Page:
USC Shoah Foundation Center for Advanced Genocide Research’s inaugural Robert J. Katz Research Fellowship in Genocide Studies for 2016-2017 has been awarded to Teresa Walch, Ph.D. candidate in modern European history at UC San Diego.
The Robert J. Katz Research Fellowship in Genocide Studies enables an advanced standing PhD candidate to spend up to a month in residence at the Center every year. This new fellowship is named after long-time volunteer and former Board of Councilors Chair Robert J. Katz in recognition of his service to the Institute. Walch will be in residence at USC Shoah Foundation in early spring 2017.
Walch received a BA in history and German from College of Saint Benedict and her MA in modern European history from UC San Diego. She expects to receive her Ph.D. from UC San Diego in 2018.
She is currently in Germany on a Fulbright scholarship conducting research for her dissertation, titled “Degenerate Spaces: The Coordination of Space in Nazi Germany.”
Walch has encountered Holocaust survivors many times over the years. She gave tours of Dachau concentration camp for a year while volunteering with the German organization Aktion Sühnezeichen Friedensdienste and met many survivors there, as well as at survivor talks in San Diego. She also graded an undergraduate course in which the students were asked to view testimony from the USC Shoah Foundation and incorporate them into their final papers.
“It is through these experiences that I became aware of the significance of testimony – both for the future of teaching Holocaust history in the future and for my own dissertation research as well,” she said.
Walch’s dissertation will explore the exclusion of German Jews from their own homeland during the Holocaust. She discusses how space played a crucial role in the Nazi rise to and consolidation of power, through prisons, concentration camps, and Nazis’ barring of Jews from all public spaces like stores, restaurants, sidewalks and ultimately their own homes.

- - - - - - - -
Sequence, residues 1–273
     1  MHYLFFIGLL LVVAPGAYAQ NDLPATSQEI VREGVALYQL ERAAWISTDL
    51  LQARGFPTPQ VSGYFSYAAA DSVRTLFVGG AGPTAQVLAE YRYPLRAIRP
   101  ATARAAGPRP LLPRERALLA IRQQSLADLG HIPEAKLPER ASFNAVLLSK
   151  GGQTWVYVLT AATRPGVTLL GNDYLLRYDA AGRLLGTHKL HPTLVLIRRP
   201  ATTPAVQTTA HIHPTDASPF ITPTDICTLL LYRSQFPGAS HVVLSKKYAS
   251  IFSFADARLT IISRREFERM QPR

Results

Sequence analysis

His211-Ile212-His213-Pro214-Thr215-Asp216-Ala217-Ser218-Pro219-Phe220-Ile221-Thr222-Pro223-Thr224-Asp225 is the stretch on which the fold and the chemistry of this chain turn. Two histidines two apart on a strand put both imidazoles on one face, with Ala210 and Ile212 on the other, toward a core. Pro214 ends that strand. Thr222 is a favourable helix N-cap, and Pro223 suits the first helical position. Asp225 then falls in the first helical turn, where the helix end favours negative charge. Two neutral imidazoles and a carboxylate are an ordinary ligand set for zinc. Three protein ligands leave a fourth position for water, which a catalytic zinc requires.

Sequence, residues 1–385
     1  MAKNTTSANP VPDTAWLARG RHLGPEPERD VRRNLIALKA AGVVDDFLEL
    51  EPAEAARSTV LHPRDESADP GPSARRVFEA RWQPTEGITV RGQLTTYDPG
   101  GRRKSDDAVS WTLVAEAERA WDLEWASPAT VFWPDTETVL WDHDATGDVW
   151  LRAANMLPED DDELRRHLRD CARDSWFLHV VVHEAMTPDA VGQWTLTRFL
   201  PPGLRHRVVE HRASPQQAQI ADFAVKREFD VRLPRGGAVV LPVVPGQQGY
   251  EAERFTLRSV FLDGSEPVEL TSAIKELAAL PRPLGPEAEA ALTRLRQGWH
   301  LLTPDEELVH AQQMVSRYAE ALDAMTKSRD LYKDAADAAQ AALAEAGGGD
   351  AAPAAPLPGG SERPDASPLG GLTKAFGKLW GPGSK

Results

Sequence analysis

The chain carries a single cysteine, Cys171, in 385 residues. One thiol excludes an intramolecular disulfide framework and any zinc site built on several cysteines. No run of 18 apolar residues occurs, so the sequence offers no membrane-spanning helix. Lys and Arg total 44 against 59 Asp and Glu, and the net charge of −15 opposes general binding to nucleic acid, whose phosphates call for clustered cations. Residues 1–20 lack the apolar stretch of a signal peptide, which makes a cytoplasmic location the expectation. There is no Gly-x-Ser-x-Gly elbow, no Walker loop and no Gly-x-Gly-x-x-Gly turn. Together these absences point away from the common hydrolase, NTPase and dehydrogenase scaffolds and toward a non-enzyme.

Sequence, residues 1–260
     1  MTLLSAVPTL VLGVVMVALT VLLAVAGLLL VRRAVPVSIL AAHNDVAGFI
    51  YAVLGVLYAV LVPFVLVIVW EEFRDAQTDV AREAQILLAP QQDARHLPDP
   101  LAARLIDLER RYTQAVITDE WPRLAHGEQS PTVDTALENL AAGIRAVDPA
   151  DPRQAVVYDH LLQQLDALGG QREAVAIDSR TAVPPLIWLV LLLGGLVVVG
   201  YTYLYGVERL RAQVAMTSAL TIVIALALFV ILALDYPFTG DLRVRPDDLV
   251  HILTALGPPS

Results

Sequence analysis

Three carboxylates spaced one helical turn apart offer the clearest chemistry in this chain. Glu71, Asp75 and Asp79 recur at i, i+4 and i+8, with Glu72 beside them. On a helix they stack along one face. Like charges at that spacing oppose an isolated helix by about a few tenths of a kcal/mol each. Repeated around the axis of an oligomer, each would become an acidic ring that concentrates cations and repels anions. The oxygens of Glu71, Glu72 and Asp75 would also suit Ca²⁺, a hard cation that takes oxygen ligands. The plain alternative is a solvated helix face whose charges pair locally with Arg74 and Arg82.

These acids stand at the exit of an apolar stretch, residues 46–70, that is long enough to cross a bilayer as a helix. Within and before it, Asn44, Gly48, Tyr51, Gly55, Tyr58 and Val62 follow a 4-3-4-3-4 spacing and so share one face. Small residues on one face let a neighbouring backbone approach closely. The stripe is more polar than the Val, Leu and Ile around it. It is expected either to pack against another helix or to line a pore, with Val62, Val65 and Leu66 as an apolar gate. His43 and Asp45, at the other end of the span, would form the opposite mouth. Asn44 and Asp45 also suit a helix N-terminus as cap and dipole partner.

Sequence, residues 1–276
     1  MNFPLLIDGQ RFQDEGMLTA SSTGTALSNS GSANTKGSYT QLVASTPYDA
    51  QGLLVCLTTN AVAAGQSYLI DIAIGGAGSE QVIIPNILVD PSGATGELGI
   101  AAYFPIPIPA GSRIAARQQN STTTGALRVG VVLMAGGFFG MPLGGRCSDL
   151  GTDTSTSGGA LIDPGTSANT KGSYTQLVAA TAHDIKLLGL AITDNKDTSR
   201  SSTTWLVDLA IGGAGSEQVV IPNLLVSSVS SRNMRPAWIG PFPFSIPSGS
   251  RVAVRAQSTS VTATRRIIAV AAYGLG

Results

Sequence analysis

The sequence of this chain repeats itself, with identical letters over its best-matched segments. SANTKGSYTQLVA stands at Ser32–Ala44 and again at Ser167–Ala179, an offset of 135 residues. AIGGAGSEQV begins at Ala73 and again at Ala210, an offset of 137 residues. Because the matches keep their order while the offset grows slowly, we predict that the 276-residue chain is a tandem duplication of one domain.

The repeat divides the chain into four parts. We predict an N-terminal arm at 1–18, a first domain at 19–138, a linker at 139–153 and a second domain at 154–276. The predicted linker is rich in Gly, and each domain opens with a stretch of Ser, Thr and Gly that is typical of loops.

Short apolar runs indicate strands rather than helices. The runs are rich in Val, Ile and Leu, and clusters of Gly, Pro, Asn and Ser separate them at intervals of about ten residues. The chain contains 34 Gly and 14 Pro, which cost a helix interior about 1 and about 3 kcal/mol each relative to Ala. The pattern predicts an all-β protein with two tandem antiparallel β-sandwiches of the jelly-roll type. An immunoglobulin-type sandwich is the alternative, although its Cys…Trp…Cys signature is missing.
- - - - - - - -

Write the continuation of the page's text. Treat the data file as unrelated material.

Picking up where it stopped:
Walch will also draw from current research on the architectural and spatial aspects of the Holocaust in eastern Europe to demonstrate that similar methods of oppression through spaces were used in Germany proper as well.
“It is crucial to examine Jews’ personal experiences of alienation and isolation in 1930s Europe to help us understand what later transpired in the 1940s, for concentration camps, ghettos, and mass extermination were preceded by the gradual but calculated exclusion of Jews from space in their own homelands,” Walch said.
Although she has found many government and institutional documents that outline how Nazis, governmental officials, policemen, architects, and city planners sought to redesign space to fit their ideological visions and how they systematically excluded racial and political “enemies of state” from public spaces, it has been almost impossible for her to find personal accounts of Jews in Germany in the 1930s and ‘40s that describe how their lives were affected by Nazi policies. This is what Walch will research in the Visual History Archive during her fellowship.
“As a historian, I believe that social history is really important and that we should strive to shed light on and give voice to the people whose lives were directly affected by decisions and policies at “the top,” Walch said. “For me, it is not enough just to view this history from the perpetrator or institutional perspectives, to analyze it through the lens of cold and bureaucratic governmental documents that often view the victims as nameless and faceless millions. Rather, if sources allow it, I wish to give voice to the individual people whose lives were violently uprooted.”